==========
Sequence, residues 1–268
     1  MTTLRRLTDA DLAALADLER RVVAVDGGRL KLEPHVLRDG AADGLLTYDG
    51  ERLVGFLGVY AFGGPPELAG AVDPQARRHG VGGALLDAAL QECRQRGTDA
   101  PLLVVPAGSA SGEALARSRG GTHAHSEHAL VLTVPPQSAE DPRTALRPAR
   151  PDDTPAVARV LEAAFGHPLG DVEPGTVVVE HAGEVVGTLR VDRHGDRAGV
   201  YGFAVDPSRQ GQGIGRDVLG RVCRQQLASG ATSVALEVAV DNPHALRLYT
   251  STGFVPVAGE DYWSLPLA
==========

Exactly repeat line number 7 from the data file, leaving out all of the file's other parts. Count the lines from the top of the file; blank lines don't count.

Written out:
   251  STGFVPVAGE DYWSLPLA